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Phytoplankton Off Coast of Novaya Zemlya Archipelago, Russia – September 23rd, 2012

71.7N 46.6E

September 23rd, 2012 Category: Image of the day, Phytoplankton

Russia – September 3rd, 2012

A phytoplankton bloom was still flourishing in the Barents Sea in early September (click here for previous images). Here, the green and blue, paisley patterns of the bloom can be seen off the coast of the Novaya Zemlya Archipelago (upper right). The bright blue color may be indicative of a coccolithophore bloom.

Phytoplankton Bloom and Novaya Zemlya Glaciers

74.6N 55.0E

September 11th, 2012 Category: Phytoplankton

Russia – August 29th, 2012

A phytoplankton bloom in the Barents Sea turns the Arctic waters brilliant shades of blue. Here, the bloom can be seen spreading towards the Novaya Zemlya Archipelago, belonging to Russia  (click here for previous images). The northern island is glacier covered and is the site of ongoing research into the effects of the North Atlantic Oscillation and climate change on the glaciers.

Phytoplankton Bloom by Novaya Zemlya Archipelago, Russia

74.7N 57.6E

September 9th, 2012 Category: Phytoplankton

Russia – August 29th, 2012

A phytoplankton bloom in the Barents Sea, part of the Arctic Ocean, creates vivid blue and green patterns off the coast of the Novaya Zemlya Archipelago (right), which lies north of the western Russian mainland.  Click here for previous images of this bloom flourishing over the last month.

Former Novaya Zemlya Nuclear Test Site, Russia – May 17th, 2009

73.6N 56.0E

May 17th, 2009 Category: Image of the day

Russia - May 13th, 2009

Russia - May 13th, 2009

Russia’s Novaya Zemlya  archipelago lies in the Arctic Ocean in the north of Russia and the extreme northeast of Europe at Cape Zhelaniya. Due to its geographical location, it has a very severe climate.

It consists of two major islands, separated by the narrow Matochkin Strait, and a number of smaller ones. The two main islands are Severny (northern) and Yuzhny (southern). Novaya Zemlya separates the Barents Sea from the Kara Sea. The archipelago’s total area is about 90,650 km².

As Novaya Zemlya was a sensitive military area during the Cold War years, the Soviet Air Force maintained a presence at Rogachevo air base on the southern part of the island. It was used primarily for interceptor aircraft operations but also provided logistical support for the nearby nuclear test area.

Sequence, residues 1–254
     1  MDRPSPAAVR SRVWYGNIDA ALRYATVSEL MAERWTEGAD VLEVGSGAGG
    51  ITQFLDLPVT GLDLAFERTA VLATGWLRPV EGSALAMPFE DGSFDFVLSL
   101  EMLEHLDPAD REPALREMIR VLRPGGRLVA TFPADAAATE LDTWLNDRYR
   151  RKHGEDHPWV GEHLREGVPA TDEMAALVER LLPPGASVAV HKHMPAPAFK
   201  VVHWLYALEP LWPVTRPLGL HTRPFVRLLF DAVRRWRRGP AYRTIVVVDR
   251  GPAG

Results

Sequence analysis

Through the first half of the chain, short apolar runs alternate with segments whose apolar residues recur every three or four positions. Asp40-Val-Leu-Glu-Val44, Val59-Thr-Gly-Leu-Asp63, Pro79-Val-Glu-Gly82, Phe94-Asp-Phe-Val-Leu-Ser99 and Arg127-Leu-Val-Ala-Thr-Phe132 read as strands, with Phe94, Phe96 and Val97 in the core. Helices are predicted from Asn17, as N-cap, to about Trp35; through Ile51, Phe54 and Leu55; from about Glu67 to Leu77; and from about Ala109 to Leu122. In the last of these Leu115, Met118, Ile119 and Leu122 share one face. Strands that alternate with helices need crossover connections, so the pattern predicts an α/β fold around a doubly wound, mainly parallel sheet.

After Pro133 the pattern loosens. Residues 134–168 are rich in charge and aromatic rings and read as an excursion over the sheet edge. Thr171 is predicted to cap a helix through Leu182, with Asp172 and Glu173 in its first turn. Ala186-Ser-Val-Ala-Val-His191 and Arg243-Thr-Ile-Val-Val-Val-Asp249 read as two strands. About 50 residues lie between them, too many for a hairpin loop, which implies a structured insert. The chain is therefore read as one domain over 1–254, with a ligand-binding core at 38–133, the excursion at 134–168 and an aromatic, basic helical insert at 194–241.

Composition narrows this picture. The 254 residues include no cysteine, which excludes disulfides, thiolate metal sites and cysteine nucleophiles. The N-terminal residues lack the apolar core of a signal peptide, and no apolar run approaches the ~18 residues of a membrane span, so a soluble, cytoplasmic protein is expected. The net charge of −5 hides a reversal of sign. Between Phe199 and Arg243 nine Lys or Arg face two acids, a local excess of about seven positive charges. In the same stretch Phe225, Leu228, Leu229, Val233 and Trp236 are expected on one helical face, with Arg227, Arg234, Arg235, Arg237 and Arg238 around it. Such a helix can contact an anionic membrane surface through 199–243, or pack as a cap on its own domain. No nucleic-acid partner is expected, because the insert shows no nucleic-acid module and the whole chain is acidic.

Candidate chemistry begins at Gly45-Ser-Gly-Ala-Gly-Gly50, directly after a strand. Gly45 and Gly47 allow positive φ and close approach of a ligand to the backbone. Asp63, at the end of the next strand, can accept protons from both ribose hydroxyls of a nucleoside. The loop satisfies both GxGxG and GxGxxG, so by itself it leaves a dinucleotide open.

In July 1954, the archipelago was designated the Novaya Zemlya Test Site, which existed during much of the Cold War. Tests occurred throughout the islands, with an official testing range covering over half of the landmass.

Over its entire history as a nuclear test site, Novaya Zemlya hosted 224 nuclear detonations with a total explosive energy equivalent to 265 megatons of TNT. For comparison, all explosives used in World War II, including the detonations of two U.S. nuclear bombs, amounted to only two megatons.

In 1961 the northern island was the explosion site of Tsar Bomba, a record 50-megaton blast conducted in the atmosphere. In 1963, the Limited Test Ban Treaty outlawing most atmospheric nuclear tests was implemented.

However, underground testing continued, with the largest underground test at Novaya Zemlya taking place on September 12, 1973. This test involved four nuclear devices of 4.2 megatons total yield. Although far smaller in blast power than the Tsar Bomba and other atmospheric tests, the confinement of the blasts underground led to pressures rivaling natural earthquakes. In the case of the September 12, 1973, test, a seismic magnitude of 6.97 on the Richter Scale was reached, setting off an 80 million ton avalanche that blocked two glacial streams and created a lake 2 km in length.

In 1988–1989, glasnost helped make the Novaya Zemlya testing activities public knowledge, and in 1990 Greenpeace activists staged a protest at the site. The last nuclear test explosion was in 1990 (also the last for the entire Soviet Union and Russia).

However, the Ministry for Atomic Energy has performed a series of subcritical underwater nuclear experiments near Matochkin Shar each autumn since 1998. These tests reportedly involve up to 100 g of weapons-grade plutonium.

Russia’s Novaya Zemlya Archipelago in the Arctic Ocean

March 13th, 2009 Category: Snapshots

Russia - March 12th, 2009

Russia - March 12th, 2009

The bright white strip running through the center of this image is actually the snow-covered islands of the Novaya Zemlya archipelago in the Arctic Ocean, just north of Russia.

The main island visible is Yuzhny, the southern island. It has an area of 33,275 km², which while smaller than the northern island of Severny, makes it one of the largest islands in the world. The island’s vegetation is largely composed of tundra.

Yuzhny is separated from Vaygach Island, whose tip is visible at the far right, by the Kara Strait, a 56 km wide channel of water. This strait connects the Kara Sea and the Barents Sea in northern Russia.

Vaygach Island  has an area of 3,383 km² and is about 100 km long and up to 45 km wide. Its average temperatures are −20°С in February and +5°С in June and it mostly consists of tundra. The island is separated from mainland Russia’s Yugorsky Peninsula by the Yugorsky Strait.